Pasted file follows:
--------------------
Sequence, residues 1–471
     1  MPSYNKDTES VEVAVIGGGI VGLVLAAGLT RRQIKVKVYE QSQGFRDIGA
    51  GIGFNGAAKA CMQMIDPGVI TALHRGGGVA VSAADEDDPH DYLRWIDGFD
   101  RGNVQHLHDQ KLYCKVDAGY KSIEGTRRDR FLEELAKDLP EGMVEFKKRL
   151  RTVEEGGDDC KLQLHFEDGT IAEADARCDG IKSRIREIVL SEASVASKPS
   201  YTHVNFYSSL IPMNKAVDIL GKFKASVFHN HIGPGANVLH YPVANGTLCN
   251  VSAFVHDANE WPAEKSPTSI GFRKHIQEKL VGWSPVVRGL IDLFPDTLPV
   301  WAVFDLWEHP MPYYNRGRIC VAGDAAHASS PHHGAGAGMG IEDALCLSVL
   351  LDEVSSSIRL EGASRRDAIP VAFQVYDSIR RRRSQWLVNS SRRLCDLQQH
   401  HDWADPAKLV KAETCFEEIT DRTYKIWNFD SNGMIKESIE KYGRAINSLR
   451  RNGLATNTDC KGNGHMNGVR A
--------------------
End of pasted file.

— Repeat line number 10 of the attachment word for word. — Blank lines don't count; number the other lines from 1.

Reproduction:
   401  HDWADPAKLV KAETCFEEIT DRTYKIWNFD SNGMIKESIE KYGRAINSLR